ILA has never before organized a Technical Forum of this nature. This by no means suggests that it should not or could not take such an initiative. Technical recommendations and guidelines are the responsibilities of professional associations, and 1LA is favorably situated to convene such high level technical meetings.

Objectives of the Forum

The objectives of the technical forum were to:

  • review critically the important issues related to leprosy control and the major technical policies beinsz applied in the held;
  • produce evidence-based recommendations for leprosy control activities;
  • where evidence is lacking, produce recommendations based on best practice; and
  • identify those areas requiring further research.

 

Methods

An organizing committee, which met twice during 2001, was charged with the responsibility of preparing a working document, which would form the basis of the discussions of the Forum. The committee developed a set of questions that were considered to represent important areas of change in the field of leprosy. These questions are listed in the report of the ILA Technical Forum (IJL Supplement March 2002).

In preparing the working document, a systematic search of the literature was carried out by researchers at the University of Aberdeen, working in collaboration with INFOLEP, using the set of questions to define the parameters of the search, and using four health-related bibliographic databases covering the literature from the year 1966 onwards, as well as the bibliographies of papers already identified, searching the "grey literature," and contacting key researchers in the various disciplines. A potential limitation of this approach is the socalled publication bias, as a result of which studies with positive or significant findings are more likely to be published.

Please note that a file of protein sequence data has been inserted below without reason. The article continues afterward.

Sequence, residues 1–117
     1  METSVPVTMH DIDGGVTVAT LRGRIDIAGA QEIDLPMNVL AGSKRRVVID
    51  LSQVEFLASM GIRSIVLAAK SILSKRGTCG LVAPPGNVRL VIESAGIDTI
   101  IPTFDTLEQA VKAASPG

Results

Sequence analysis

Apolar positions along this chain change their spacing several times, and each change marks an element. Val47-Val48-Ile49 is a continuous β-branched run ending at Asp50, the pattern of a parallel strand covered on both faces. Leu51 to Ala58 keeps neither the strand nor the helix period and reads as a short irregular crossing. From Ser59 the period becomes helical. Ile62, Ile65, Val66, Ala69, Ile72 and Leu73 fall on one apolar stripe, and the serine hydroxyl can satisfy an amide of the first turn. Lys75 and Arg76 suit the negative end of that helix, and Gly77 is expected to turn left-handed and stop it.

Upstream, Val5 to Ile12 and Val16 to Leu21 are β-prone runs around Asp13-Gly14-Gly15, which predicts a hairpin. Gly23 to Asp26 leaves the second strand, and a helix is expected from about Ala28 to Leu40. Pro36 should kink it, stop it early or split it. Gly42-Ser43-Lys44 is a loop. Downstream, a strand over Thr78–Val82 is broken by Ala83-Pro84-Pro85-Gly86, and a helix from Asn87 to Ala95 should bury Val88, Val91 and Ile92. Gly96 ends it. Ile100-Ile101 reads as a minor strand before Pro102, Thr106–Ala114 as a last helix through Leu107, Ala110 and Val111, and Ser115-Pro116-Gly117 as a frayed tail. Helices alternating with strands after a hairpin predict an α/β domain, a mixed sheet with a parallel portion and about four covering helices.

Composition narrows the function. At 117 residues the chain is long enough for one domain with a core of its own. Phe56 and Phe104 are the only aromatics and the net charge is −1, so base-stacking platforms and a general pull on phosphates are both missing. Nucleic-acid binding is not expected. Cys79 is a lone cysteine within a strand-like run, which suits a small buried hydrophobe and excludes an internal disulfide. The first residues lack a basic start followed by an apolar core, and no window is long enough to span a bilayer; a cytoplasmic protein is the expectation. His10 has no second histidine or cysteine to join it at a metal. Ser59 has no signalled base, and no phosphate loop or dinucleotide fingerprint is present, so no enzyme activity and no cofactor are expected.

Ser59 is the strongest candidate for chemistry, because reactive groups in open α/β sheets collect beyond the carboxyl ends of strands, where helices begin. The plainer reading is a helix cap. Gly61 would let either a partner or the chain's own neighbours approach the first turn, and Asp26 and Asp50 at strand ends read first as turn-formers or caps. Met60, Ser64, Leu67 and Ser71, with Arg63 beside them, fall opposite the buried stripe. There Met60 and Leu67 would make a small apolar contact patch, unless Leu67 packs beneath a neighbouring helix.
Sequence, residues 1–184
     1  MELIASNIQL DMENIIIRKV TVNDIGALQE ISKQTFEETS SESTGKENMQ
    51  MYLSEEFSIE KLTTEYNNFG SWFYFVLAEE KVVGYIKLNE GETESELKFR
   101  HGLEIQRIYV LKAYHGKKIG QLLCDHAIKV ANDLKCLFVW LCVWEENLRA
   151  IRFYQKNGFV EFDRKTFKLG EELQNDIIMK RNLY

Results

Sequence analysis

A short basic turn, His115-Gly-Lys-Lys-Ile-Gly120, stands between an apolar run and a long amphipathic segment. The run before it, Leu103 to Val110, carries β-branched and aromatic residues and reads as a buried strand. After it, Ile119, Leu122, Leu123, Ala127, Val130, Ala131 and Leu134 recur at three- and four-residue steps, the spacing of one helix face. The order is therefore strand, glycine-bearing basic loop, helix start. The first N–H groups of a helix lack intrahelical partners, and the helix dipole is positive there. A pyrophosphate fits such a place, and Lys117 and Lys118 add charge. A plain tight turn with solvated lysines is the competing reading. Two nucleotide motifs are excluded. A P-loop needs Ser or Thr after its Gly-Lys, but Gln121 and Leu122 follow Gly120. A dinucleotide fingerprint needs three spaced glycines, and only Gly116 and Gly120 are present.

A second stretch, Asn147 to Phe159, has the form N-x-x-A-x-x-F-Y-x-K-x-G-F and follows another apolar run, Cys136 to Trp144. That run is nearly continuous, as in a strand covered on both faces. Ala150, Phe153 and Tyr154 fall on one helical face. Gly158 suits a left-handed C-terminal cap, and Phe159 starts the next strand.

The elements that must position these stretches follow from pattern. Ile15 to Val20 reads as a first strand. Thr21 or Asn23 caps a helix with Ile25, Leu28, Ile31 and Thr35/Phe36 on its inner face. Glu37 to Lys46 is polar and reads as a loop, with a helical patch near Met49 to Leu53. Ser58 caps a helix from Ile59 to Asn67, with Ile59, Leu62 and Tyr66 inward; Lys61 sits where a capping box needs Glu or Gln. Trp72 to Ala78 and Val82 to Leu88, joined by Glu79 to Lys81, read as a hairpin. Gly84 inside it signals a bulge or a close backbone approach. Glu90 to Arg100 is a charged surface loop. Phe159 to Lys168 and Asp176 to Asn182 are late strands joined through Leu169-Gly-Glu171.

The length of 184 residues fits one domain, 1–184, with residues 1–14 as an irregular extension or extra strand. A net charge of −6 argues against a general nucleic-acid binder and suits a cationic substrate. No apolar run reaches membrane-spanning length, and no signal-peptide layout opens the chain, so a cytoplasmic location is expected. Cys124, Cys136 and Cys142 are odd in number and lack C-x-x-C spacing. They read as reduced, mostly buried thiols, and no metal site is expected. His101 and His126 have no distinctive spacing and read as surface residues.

Approximately 7000 titles and abstracts were read for relevance. From among these, 837 studies were selected and distributed to the committee members who were responsible for writing the relevant chapters of the working document. Thus, the recommendations contained in the working document are supported by a variety of published papers and studies. These critical studies were examined in order to grade the strength of the evidence supporting each recommendation, based on an objective assessment of the design and quality of each study, and a subjective judgment of the consistency, clinical relevance and external validity of the whole body of evidence.

The guidelines used in this review are those recommended by SIGN, having been developed by the U.S. Agency for Health Care Policy and Research and employed extensively in systematic reviews.

Briefly, recommendations graded "A" are based on evidence from randomized controlled trials, those graded "B" involve evidence from other well-designed studies, and those graded "C" are based solely on expert or experienced opinion.

In conclusion, I would like to state that the ILA Technical Forum was a systematic exercise which reviewed all available evidence based on a set of questions, evaluated them for their relevance and the strength of their evidence, and examined them for their eligibility to be included in the review process. This exercise was the basis for a group of authors to prepare a working paper which was later discussed in depth at a meeting in Paris from 25-28 February, 2002 before the final report was prepared, edited and published. Thus ILA this time has played an important role in the development of technical policies in leprosy and thus has contributed to the betterment of leprosy work world over.